Later, I was published by Thorndike for their Five Star line. I loved working with my editor, Russell, but they eventually moved away from contemporary romances and I felt a bit lost as I was another orphaned author. Eventually, I moved over to Amber Quill Press. In the last couple of years, I’ve moved to self-publishing. Just as I once thought that ebooks would be the wave of the future, I believe that being in control of my own books and how they are presented, packaged, and priced, is the next phase of my writing. I won’t say I’ll never again be with a traditional publisher. I enjoy the give and take of working with an editor and getting the intensive feedback that entails. I’m open to whatever direction the Lord wants to take my writing career.

One thing I’ve learned along the way is that you have to be open to writing different things. About 10 years ago, I began writing more non-fiction than I had. Although I’d always written a few articles here and there, I noticed the majority of my income was from articles and not from my fiction. The fiction income tends to come in spurts, but you never know just how big the spurt of income will be or when it will arrive. Writing non-fiction balances that for me. I also like to give my brain a break, as writing non-fiction requires different skills than writing fiction. I also edit for a couple of clients and do some web design. By varying tasks, I can stay busy most of the time and easily put in 40 hours a week or more. All the time, I’m loving every bit of it. I feel so blessed to do things I truly enjoy and make a living at it.

Marketing has changed a lot over the years. Today, you have to be active on social media, advertise, and stay in touch with your readers by blogging. However, I also believe you need to be vocal that you’re a writer and your books are available. I have a friend, and everywhere we go she is talking about her books to people. I’m trying to learn from her boldness, because I have a really hard time doing that for myself. I actually will hide out and never mention I’m a writer unless someone knows it already. I don’t know why, but this is definitely something I’m trying to overcome.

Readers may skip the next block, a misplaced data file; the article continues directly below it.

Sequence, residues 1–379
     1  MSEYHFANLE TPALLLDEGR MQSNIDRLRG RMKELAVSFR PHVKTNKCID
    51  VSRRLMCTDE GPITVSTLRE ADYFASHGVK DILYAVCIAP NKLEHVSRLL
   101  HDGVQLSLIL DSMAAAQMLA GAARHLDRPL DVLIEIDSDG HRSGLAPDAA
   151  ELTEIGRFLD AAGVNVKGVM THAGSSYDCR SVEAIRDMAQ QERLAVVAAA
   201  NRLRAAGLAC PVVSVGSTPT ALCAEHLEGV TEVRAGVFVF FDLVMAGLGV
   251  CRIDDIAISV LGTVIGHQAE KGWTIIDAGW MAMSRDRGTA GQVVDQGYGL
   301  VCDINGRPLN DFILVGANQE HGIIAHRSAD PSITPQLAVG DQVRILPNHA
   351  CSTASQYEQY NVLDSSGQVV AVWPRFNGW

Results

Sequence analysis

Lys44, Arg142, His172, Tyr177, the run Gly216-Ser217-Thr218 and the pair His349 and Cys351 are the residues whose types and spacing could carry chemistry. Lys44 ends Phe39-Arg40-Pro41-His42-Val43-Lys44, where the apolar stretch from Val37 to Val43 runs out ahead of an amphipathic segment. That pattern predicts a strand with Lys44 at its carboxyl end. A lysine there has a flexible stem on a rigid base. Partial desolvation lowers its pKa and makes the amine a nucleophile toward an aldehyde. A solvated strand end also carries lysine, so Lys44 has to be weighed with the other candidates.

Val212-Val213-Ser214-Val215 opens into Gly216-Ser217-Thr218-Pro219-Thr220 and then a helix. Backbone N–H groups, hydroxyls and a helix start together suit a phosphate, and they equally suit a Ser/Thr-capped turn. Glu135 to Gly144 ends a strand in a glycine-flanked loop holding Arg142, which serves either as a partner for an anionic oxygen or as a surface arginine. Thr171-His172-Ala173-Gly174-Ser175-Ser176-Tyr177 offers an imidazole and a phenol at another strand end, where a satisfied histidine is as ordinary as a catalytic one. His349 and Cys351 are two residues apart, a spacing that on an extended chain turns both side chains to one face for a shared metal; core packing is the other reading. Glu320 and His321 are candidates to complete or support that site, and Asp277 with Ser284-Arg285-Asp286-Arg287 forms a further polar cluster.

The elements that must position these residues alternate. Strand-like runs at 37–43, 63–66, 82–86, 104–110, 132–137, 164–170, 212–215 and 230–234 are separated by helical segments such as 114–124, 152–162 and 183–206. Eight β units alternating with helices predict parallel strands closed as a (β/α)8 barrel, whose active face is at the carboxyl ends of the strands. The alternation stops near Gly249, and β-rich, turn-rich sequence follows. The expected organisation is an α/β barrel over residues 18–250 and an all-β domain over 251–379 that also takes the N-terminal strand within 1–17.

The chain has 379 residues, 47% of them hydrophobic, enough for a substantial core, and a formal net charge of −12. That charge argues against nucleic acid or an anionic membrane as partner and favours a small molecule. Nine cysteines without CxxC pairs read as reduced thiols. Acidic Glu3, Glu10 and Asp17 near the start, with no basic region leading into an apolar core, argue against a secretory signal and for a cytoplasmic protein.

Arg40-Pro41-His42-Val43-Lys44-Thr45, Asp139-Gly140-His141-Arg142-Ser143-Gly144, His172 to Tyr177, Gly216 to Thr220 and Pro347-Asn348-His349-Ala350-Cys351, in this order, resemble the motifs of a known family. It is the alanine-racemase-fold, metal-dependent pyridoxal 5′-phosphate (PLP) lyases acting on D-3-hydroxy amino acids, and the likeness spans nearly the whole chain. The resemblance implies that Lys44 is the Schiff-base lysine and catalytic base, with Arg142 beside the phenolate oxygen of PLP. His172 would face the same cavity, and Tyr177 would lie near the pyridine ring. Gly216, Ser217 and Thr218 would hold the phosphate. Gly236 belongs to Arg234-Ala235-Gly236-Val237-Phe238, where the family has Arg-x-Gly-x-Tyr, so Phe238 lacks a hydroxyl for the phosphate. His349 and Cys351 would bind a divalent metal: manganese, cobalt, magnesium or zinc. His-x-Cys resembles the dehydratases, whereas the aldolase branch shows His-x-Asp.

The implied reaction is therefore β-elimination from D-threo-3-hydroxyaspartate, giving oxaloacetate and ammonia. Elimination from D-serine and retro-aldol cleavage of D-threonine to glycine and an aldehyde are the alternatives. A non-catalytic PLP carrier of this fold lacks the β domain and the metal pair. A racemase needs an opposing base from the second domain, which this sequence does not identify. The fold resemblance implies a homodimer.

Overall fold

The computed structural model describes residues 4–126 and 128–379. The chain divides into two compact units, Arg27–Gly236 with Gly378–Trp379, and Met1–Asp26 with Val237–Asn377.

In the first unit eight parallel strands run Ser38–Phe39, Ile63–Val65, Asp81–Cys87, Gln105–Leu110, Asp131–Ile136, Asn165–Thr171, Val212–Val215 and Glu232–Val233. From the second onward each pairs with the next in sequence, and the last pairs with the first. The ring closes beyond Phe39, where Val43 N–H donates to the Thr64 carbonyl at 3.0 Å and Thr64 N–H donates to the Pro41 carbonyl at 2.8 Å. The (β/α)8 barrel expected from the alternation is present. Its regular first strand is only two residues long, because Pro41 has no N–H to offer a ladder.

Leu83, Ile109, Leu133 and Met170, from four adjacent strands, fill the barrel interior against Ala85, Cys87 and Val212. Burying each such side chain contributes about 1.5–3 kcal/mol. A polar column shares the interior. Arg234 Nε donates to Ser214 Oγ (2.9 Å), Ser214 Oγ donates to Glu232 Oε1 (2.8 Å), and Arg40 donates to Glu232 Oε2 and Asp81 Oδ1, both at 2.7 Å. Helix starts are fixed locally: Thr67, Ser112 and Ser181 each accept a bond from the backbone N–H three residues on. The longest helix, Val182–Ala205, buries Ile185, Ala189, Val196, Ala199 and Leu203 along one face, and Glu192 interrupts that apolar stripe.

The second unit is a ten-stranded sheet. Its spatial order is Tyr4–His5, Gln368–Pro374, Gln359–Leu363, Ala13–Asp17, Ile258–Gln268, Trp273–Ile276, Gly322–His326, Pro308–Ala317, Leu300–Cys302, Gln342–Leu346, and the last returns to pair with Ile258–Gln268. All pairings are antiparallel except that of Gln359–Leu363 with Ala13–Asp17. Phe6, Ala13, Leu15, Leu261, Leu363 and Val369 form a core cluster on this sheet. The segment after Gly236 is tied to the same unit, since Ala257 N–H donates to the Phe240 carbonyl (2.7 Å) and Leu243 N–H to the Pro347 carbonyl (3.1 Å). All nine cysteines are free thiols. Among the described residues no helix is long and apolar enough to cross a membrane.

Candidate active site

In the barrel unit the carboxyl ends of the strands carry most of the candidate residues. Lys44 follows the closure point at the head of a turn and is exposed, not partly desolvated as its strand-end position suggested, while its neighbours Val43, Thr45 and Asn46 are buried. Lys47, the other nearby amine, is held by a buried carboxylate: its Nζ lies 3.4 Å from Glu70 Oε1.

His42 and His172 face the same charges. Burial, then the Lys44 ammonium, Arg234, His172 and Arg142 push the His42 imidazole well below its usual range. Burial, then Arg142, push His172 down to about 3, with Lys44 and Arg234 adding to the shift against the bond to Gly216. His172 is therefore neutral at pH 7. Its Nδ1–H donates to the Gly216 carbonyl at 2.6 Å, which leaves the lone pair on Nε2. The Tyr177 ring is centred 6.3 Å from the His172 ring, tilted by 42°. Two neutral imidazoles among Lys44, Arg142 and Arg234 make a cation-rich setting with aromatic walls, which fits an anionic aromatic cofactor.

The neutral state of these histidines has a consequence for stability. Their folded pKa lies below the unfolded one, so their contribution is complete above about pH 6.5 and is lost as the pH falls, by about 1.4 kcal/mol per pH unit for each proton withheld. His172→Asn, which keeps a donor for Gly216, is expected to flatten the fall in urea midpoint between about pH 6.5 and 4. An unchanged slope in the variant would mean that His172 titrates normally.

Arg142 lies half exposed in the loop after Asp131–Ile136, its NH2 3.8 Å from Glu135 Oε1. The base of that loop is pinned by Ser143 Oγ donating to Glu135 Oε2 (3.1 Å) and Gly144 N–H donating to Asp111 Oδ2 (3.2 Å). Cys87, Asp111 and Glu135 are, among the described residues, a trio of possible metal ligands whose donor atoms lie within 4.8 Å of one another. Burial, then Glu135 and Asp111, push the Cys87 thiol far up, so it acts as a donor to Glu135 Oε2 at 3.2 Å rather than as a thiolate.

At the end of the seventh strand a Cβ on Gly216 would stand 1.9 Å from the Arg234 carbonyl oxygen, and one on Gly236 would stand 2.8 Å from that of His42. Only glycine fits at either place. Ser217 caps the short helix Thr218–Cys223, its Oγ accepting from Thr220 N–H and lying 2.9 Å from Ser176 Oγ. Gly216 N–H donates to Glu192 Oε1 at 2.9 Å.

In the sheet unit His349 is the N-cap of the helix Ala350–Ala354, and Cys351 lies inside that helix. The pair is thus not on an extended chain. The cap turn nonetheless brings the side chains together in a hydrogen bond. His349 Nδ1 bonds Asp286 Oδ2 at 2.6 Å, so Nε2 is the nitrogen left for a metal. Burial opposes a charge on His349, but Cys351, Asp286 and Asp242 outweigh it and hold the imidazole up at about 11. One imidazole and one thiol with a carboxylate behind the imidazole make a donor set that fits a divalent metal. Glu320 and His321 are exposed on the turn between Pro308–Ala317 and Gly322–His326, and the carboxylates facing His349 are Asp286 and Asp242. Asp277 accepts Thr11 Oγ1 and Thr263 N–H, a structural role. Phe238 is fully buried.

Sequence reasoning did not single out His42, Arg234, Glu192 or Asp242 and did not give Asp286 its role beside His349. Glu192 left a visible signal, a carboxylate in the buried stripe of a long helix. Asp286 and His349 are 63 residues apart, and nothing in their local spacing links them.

I have found it really hard to line up in-person book signings for this latest book. There used to be a lot of independent small booksellers out there. They’re all but gone. That makes it a bit more difficult to get out there and meet new readers. I’m going to be trying some festivals and different events instead in the coming year. I’m hoping that will allow me to get the word out more. I am also doing some online book tours and connecting with friends who are bloggers.

I actually wouldn’t change anything about my writing journey so far, even the mistakes. I believe that we learn from every mistake, every success, and every failure. These things all come together to make me who I am. I like who I am in Christ and the skills, knowledge and lessons along the way. I would do it all again.

I would encourage new writers to dig in their heels and never quit. Focus on why you are writing. It likely isn’t to get famous, because there are easier ways to achieve that. It is probably because you have something to say or a message to share. If you can share that with just a handful of people, then you’ve made a difference in someone’s life. Learn to focus on the reason and not the result and you’ll always be a success with your writing.

Lori’s Latest Book